Because you are using a distributed computing framework to process your big data, any n number of hosts can take part in computation as well as output. But the general rule is:

You will have n number of files matching the n number of hosts that hold data at the time the write is requested. Therefore, all those hosts will write the data they have individually and in parallel.

Based on knowing that, it makes sense why the number of files would fluctuate based on the number of final hosts (usually reducers) holding data at the end.

Example: Basic Spark App (no reduce function)

Say this app reads data into Spark from somewhere and writes it somewhere else. Pretty simple. Your output, at least on distributed storage like HDFS, will be made of n files corresponding to the n partitions of your RDD, Dataframe or Dataset. The number of partitions in that initial object will be determined by either:

  • the number of source files being read (because one task will be assigned to each file / block and will create one partition in the resulting object)
  • telling spark explicitly how many partitions you want in that initial object (see Controlling Initial Partition Count in Spark for an RDD at the top of this article for a how-to)

The simplest options you have in a job like this is to:

  • change how many underlying files are in the source data (not easiest)
  • tell spark how many partitions you want before the read occurs (and since there are no reduce operations, partition count will remain the same)
  • use repartition or coalesce to manually alter the partition size of the consumed data before the write occurs

Using one of the above options, you’ll be able to easily control the size of your output.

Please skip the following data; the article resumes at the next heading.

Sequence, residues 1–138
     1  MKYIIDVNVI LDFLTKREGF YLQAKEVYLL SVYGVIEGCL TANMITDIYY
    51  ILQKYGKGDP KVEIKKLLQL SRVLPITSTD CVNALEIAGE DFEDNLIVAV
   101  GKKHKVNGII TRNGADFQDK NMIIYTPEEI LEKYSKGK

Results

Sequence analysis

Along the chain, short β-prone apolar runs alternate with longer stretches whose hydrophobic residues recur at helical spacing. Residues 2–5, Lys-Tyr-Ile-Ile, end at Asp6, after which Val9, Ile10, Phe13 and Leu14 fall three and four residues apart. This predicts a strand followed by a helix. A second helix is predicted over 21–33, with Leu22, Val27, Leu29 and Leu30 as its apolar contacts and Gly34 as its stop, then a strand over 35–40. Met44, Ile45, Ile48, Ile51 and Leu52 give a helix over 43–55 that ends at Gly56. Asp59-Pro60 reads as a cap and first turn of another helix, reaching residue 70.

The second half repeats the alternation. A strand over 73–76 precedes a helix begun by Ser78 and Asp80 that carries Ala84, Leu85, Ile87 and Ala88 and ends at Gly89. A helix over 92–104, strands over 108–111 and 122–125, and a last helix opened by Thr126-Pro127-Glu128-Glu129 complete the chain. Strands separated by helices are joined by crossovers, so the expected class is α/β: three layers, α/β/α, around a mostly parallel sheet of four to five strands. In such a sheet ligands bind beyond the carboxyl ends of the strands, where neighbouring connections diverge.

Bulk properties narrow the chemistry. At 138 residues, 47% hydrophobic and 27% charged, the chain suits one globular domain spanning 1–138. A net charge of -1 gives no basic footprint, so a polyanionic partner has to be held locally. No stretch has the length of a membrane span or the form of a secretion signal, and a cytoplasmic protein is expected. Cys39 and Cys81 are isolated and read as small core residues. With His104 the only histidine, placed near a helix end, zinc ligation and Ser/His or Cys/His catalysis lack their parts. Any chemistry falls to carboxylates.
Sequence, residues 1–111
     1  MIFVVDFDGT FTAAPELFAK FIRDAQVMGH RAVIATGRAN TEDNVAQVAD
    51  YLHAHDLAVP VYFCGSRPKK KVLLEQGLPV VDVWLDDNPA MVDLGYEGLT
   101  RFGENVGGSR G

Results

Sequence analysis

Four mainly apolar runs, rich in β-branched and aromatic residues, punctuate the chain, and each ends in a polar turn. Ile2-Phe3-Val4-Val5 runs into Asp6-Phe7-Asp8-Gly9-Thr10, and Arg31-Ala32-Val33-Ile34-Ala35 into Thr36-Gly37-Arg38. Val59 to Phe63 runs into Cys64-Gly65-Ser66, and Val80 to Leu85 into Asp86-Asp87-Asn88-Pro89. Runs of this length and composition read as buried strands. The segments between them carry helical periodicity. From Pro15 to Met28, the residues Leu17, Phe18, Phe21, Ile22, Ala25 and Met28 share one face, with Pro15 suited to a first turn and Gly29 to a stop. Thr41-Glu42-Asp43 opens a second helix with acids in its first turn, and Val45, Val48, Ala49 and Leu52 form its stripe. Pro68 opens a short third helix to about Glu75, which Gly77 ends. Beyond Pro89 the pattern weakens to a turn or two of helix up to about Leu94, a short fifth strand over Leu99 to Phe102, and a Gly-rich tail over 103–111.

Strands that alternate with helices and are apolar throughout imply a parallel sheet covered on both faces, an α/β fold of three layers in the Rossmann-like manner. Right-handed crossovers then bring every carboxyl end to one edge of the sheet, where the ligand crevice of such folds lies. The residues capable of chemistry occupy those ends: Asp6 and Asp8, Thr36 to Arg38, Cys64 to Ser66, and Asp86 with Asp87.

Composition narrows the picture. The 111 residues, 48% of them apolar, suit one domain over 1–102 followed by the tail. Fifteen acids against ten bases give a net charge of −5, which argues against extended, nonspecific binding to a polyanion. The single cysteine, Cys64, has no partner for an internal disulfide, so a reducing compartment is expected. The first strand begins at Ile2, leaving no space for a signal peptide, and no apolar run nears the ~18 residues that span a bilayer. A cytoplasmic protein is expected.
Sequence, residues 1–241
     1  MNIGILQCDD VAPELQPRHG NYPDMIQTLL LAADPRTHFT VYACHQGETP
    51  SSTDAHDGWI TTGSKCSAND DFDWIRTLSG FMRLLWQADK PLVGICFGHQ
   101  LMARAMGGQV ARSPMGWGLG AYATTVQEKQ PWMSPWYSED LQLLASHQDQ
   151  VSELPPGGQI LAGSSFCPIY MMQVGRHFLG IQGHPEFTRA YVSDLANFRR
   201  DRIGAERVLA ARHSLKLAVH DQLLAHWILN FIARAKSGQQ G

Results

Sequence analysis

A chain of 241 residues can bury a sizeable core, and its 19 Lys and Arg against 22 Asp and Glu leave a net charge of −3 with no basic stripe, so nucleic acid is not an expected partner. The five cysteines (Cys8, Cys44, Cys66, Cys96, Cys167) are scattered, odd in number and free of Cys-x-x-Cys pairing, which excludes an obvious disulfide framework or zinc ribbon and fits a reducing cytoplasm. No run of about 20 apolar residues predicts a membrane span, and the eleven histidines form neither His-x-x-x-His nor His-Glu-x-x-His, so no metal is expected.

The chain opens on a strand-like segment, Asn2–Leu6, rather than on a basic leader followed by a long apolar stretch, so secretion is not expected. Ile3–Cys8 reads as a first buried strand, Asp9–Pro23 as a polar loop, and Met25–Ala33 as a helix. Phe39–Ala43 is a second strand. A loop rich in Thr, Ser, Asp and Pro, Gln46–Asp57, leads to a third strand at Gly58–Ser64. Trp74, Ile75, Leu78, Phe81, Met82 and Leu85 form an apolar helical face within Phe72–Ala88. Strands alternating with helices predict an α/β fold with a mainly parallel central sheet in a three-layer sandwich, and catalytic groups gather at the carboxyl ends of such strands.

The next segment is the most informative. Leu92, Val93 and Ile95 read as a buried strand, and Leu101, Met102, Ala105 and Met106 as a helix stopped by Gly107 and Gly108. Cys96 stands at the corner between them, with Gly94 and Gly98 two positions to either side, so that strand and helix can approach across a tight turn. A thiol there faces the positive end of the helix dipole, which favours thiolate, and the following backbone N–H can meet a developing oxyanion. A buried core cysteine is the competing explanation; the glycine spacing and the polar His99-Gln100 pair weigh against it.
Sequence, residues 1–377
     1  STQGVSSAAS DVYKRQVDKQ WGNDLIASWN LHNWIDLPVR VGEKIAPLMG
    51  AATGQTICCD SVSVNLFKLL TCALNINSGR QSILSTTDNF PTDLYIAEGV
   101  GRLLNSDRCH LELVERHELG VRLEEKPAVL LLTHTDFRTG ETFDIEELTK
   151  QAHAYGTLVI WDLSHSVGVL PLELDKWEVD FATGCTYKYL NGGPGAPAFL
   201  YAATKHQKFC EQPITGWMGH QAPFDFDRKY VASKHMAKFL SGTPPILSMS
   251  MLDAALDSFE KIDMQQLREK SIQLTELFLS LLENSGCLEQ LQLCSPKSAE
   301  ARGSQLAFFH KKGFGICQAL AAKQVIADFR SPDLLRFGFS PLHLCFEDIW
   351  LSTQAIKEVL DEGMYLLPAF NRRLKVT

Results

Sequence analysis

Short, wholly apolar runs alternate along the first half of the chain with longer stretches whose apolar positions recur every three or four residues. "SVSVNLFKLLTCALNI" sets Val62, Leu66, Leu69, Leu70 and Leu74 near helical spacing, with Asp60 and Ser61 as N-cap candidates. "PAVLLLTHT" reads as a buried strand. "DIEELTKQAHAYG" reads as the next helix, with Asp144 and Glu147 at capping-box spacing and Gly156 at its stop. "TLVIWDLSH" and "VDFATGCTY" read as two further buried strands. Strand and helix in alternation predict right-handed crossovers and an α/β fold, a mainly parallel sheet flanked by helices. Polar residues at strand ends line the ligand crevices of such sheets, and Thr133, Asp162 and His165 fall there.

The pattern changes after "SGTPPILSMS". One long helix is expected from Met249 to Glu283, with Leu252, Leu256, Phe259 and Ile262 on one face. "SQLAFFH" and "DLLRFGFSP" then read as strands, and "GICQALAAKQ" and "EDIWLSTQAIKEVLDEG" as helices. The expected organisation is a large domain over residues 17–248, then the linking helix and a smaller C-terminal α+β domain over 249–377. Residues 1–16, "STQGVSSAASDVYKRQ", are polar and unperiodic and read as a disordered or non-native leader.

Example: Basic Spark App (w/ reduce function)

Say this app reads data into Spark from somewhere and writes it somewhere else. But before it writes, it does a grouping operation (sum, max, etc). Your initial object will, just like the previous scenario, will have a partition count defined by either you, the method of consumption, or the data itself.

When the grouping (a transformation) occurs, the resulting data will have partitions defined by something like spark.default.parallelism or spark.sql.shuffle.partitions, or some other baked-in methodology. You of course now, because you’re reducing, have access to the options explained earlier, to control the partition count and therefore file count of the written data.

Again, those options are repartition or coalesce, or one of the aforementioned partition parallelization settings.

In Conclusion

Sometimes it makes sense to control and define the output of your job. Sometimes it doesn’t. Whatever the reason, always remember the golden rules of distributed storage (especially in the case of Hadoop and HDFS):

  • avoid small files when possible
  • especially avoid them in large quantities (namenode headaches)
  • aim for larger files in smaller quantities (try to match your block size)

But if you need to control the output for a specific reason: now you know how. 🙂

Our Spark + AI Summit 2019 Talks are Now Available Online

At the Spark + AI Summit 2019 (put on by the lovely folks at DataBricks), myself and fellow Hadoopsters (Jack Chapa and Ben Storrie) were lucky enough to have two featured talks/presentations:

Both of those took place on the final day of the summit, and were recorded for your viewing pleasure. Those presentations are now available on YouTube and the Databricks site. They are linked above and below, along with the slides (if you wish to view/download those for reference).

Additionally, all code gists featured in the presentations can be viewed on the Hadoopsters Github:

We are Speaking at Spark + AI Summit 2019!